The opinion of the court was delivered by: CHARLES S. HAIGHT, JR.
This case is before the Court on defendants' motions for orders pursuant to Fed.R.Civ.P. 72 setting aside Magistrate Judge Katz's Order and Opinion dated November 8, 1991.
For the reasons set forth below, defendants' motions are denied.
The allegations of the Supplemental Complaint are discussed in the Court's decision denying defendants' motion to dismiss the complaint, United States v. District Council of New York City, F. Supp. , 1991 U.S. Dist. LEXIS 16713 (S.D.N.Y. November 20, 1991), familiarity with which is assumed.
Discovery is ongoing and the discovery deadline established by Judge Katz is presently August 31, 1992.
By Order and Opinion dated November 8, 1991 ("Order and Opinion") Judge Katz denied the District Council's motion to compel the testimony of two non-party witnesses, Leonard Bush and Harvey Anikstein, and to compel their production of documents against their assertions of the fifth amendment privilege against self-incrimination. The District Council sought to question these witnesses about earlier immunized testimony before a state grand jury and/or state or federal prosecutors. Bush and Anikstein have asserted their fifth amendment privilege, arguing that their testimony in this civil action is not subject to immunity. Judge Katz held that he could not find that these witnesses would never be prosecuted on the basis of their testimony in this case, that the Court cannot grant immunity, and that whether any testimony that is given is covered by the previous grant of immunity is an issue would have to be decided at any future criminal proceeding. Order and Opinion at 2-4.
Judge Katz also denied the motions of defendants McGuinness, Zeidman, Devine and McHale for stays of that portion of discovery directed at them, that is their own depositions and document production. These defendants argue that this discovery leaves them with a choice of either mounting a full defense in this civil case, and thus risking criminal liability, or invoking their fifth amendment privileges. Judge Katz denied these motions because he found that, particularly with the acquittal of McGuinness last summer, the defendants do not have criminal proceedings pending against them and so have not shown the special circumstances required for a stay of civil discovery. Order and Opinion at 7-15.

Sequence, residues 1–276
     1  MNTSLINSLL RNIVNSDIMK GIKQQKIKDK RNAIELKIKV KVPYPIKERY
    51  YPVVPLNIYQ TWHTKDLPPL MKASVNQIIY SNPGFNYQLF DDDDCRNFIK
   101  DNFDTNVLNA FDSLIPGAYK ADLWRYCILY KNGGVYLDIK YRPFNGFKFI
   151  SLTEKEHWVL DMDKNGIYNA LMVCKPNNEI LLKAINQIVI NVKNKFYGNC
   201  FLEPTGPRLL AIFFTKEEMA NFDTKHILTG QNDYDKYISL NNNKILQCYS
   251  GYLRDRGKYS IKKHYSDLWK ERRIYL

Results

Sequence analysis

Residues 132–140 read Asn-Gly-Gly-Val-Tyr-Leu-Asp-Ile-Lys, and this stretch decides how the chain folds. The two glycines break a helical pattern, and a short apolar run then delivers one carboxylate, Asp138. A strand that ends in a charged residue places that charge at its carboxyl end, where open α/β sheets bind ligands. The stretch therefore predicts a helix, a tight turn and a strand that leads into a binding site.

Defendants have filed timely motions to vacate these rulings and the government has filed papers in opposition.
Under Fed. R. Civ. P. 72(a) the district court shall set aside a magistrate judge's discovery order when it is "clearly erroneous or contrary to law." See 28 U.S.C. § 636 (b)(1)(A). "A magistrate's resolution of pretrial discovery disputes is entitled to substantial deference." Dubin v. E.F. Hutton Group, Inc., 125 F.R.D. 372, 373 (S.D.N.Y. 1989); Nikkal Industries, Ltd. v. Salton, Inc., 689 F. Supp 187, 189 (S.D.N.Y. 1988). "'In resolving discovery disputes, the Magistrate is afforded broad discretion, which will be overruled only if abused.'" Litton Industries v. Lehman Bros. Kuhn Loeb, 124 F.R.D. 75, 77 (S.D.N.Y. 1989) (citation omitted).
Defendant District Council moves for an order pursuant to Fed. R. Civ. P. 72 setting aside the Order and Opinion denying the District Council's motion to compel the testimony of Bush and Anikstein. Defendant moves under Fed. R. Civ. P. 37(a) for an order requiring Bush and Anikstein to appear for deposition and produce documents and an order barring Bush and Anikstein from asserting the fifth amendment privilege about their testimony to the state grand jury ...